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Horsing Around In Buffalo - 1891 | Business

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Horsing Around In Buffalo - 1891

NY Times Dec. 30 1973   

The receipts of livestock at the East Buffalo Stockyards for 1873 exhibit a flattering increase over those of previous years, footing up 409,758 head of cattle, 733,400 head of sheep, 1,662,500 head of hogs, and 28,326 head of horses. The estimated value of this stock exclusive of the horses is $47,517,750.  The shipments for the year to Eastern markets were: 381,191 head of cattle, 695,000 head of sheep, 1,458,100 head of hogs, and 27,239 head of horses.

Buffalo -Illustrated- Express     Sunday April 26 1891

    One of Buffalo's institutions which is fast receiving national fame is it's horse market.  It was hardly a year ago that the horse sales at East Buffalo were a very small item in business done there, while now they include the exchange of large sums of money and the disposal of about a thousand horses a week... The strength of the market has indeed been many when the short time in which the market has taken place is considered.  It is estimated that not more than 13 or 14 carloads of horses were sold at the Crandell House Auctions, and at that, the Crandell House Auctions were the only ones conducted at East Buffalo.  A big jump in the sales took place the following year when it is estimated over 500 carloads representing about 10,000 horses were sold.  Nor did the increase stop at the end of the year.  Already over 10,000 horses have been sold during the four months of the year 1891, and it is safe to say at least as many more, or even twice as many more will be sold before January 1892.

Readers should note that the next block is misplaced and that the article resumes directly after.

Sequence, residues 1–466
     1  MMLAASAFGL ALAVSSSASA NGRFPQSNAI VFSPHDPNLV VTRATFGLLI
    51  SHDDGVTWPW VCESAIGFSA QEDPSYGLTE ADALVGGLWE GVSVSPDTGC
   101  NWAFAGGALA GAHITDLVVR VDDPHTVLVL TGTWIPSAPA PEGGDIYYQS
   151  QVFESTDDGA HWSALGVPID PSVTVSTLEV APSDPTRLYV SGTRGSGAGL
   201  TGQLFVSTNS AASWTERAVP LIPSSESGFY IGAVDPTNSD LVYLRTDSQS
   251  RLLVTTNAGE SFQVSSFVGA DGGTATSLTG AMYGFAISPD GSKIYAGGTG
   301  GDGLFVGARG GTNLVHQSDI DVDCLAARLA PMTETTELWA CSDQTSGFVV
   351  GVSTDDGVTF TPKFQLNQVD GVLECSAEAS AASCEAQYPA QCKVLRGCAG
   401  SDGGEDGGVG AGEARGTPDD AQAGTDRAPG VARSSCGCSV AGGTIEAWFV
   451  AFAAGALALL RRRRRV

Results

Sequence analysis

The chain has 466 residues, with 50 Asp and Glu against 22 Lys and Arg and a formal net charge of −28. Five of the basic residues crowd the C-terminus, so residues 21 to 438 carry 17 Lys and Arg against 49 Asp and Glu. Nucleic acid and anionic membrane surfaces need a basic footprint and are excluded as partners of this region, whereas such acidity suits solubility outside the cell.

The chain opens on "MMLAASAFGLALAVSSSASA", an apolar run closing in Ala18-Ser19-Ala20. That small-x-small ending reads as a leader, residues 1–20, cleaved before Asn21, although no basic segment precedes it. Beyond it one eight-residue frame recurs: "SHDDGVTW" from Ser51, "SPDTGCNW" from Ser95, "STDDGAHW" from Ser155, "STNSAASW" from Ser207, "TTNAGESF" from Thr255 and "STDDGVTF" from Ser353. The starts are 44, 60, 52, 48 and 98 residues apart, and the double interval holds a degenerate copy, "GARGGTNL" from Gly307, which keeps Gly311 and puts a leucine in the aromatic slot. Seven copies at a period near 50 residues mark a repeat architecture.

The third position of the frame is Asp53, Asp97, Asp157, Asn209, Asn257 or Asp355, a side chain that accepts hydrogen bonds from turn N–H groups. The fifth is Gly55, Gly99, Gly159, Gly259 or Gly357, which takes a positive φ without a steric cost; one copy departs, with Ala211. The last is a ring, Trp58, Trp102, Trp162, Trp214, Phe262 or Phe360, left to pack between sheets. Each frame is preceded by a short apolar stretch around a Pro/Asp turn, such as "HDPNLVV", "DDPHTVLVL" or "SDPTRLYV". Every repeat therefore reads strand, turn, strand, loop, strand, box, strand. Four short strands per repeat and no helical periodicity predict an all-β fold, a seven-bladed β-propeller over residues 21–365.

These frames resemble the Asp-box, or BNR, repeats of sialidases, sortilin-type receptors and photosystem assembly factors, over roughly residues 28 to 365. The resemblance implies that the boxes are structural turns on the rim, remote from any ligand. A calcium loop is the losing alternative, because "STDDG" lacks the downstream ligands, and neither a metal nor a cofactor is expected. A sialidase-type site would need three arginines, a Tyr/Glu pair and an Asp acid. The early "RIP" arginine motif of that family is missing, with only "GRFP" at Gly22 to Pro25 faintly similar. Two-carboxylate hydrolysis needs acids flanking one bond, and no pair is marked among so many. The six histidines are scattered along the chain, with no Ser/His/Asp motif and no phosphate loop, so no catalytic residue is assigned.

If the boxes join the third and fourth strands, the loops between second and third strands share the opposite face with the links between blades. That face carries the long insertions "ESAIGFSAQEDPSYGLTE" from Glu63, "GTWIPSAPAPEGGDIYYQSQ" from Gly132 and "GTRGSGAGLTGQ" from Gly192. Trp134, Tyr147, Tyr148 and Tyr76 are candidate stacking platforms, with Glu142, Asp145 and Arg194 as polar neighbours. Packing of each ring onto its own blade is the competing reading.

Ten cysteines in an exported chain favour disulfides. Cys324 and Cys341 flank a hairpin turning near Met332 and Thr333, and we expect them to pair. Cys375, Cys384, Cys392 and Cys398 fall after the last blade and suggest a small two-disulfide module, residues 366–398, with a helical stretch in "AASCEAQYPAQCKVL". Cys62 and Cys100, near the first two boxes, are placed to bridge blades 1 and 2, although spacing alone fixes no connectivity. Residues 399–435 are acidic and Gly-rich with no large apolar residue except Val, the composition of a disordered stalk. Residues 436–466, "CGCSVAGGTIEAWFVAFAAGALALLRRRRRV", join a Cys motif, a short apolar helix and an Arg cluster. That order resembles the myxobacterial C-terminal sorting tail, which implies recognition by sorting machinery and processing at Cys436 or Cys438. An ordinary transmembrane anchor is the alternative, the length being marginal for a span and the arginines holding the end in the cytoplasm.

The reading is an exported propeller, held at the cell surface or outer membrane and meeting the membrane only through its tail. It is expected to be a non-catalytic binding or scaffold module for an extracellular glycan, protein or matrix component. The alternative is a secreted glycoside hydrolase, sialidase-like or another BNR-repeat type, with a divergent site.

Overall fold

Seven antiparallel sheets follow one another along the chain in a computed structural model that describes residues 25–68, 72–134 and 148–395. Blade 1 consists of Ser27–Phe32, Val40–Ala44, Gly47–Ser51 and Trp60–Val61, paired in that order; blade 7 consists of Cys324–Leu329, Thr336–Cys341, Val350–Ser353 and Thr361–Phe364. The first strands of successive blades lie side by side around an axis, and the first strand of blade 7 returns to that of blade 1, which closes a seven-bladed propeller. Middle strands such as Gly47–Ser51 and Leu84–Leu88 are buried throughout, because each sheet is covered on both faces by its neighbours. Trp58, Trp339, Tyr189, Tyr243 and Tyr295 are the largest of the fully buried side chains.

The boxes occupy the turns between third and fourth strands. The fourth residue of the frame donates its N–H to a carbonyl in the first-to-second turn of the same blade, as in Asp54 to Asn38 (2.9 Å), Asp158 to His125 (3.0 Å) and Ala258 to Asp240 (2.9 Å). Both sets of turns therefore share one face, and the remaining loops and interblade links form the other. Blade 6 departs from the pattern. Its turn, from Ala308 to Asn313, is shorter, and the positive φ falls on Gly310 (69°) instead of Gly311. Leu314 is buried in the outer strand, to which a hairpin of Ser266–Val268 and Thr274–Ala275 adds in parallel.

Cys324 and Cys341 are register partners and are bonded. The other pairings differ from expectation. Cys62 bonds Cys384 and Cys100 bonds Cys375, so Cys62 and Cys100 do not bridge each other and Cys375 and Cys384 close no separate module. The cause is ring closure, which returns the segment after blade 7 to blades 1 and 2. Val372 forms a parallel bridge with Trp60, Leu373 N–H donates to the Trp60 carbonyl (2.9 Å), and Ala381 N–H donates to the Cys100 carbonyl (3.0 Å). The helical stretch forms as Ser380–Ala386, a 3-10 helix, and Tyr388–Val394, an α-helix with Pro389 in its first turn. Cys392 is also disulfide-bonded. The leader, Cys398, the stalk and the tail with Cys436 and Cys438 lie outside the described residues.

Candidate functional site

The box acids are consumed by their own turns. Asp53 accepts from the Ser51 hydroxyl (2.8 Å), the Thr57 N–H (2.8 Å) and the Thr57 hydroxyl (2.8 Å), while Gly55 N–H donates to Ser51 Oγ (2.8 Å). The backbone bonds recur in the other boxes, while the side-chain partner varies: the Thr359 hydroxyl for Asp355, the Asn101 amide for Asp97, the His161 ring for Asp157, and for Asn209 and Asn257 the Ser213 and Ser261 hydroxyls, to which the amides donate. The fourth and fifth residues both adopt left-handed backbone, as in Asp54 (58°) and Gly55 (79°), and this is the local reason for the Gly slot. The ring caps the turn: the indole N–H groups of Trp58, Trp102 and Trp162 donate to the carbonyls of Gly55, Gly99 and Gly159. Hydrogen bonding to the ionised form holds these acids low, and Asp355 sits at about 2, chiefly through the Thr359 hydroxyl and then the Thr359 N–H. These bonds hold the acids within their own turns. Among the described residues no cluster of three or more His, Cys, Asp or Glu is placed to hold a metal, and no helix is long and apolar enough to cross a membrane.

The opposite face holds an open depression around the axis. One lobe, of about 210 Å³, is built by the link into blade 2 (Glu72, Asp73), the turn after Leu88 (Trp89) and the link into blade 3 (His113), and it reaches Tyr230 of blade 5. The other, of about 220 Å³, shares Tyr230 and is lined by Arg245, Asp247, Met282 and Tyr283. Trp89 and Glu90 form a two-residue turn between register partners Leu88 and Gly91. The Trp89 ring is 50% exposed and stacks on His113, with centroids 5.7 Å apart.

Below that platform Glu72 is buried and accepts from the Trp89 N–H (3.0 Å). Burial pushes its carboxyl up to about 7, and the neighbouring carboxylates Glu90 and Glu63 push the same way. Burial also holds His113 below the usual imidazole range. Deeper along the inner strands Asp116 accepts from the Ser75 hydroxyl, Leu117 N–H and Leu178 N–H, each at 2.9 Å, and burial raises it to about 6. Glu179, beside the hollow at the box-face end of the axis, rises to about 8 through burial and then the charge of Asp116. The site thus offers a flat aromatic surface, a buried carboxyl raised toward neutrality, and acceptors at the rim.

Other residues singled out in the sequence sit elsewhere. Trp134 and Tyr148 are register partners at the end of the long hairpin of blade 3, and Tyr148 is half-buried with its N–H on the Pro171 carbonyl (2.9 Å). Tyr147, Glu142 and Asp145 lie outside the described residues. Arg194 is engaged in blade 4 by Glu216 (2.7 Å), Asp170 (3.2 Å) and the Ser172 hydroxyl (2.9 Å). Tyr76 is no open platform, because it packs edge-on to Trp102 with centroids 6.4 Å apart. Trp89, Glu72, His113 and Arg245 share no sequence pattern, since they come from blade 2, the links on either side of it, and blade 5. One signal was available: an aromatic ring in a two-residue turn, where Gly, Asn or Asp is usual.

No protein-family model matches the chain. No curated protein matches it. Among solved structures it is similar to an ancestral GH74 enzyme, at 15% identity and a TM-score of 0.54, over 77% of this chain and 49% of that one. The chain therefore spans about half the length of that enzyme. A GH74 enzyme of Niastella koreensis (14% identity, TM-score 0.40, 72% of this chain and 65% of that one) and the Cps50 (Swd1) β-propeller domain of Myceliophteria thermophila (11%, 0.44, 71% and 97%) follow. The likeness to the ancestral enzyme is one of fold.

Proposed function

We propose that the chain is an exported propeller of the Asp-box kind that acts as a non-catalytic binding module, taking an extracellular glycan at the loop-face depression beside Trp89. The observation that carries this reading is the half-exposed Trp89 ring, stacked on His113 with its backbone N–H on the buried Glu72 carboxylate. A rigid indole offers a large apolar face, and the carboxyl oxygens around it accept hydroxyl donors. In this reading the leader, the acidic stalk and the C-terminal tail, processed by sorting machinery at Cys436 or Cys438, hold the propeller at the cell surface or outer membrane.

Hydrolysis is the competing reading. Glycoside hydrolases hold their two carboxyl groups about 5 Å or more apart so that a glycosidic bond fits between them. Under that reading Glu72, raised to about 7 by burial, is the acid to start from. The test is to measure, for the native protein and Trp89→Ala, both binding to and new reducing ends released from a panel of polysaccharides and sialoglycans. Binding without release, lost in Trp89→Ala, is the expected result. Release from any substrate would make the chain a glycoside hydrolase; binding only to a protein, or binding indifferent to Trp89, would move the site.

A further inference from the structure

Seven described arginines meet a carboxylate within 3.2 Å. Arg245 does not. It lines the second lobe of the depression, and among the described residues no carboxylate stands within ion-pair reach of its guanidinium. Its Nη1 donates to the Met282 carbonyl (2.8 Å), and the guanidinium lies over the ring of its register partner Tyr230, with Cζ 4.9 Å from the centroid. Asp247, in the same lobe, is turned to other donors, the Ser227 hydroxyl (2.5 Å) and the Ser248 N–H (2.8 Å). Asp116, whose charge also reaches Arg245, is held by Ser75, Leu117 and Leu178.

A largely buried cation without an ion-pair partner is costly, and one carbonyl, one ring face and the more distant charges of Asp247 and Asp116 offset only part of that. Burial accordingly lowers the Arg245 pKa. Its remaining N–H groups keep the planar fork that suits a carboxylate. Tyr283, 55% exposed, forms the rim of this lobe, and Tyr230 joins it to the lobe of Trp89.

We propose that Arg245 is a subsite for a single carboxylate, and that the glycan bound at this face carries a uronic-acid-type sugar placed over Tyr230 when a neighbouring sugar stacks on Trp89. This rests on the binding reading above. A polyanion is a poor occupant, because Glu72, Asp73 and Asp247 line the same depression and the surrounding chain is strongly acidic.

Chicago is still the largest horse market in the united states, but if the Buffalo market increases at anything like the present rate, it will soon leave Chicago far behind..... Local buyers form a very small percentage of the buyers at East Buffalo. The many advantages of Buffalo as a shipping point attract horsemen from all the Eastern States. Hitherto they have been in the habit of going to Chicago to get their horses, but now they find the savings of two days time, traveling expenses and half the freight on horses shipped East, is made by buying in Buffalo.

    Prices range about the same in the two cities, and at times Buffalo prices have been even lower than Chicago prices.  Thus it is evident that as long as the demand for horses in eastern cities increases, the Buffalo horse sales will increase proportionately, and will eventually exceed those of Chicago. 

    The East and the West meet at the Buffalo Horse Market. Buyers come from the New England States..... and the shippers hail from all parts of the wooly West.....

       Story, With Short Movie, continues at The Buffalo History Gazette

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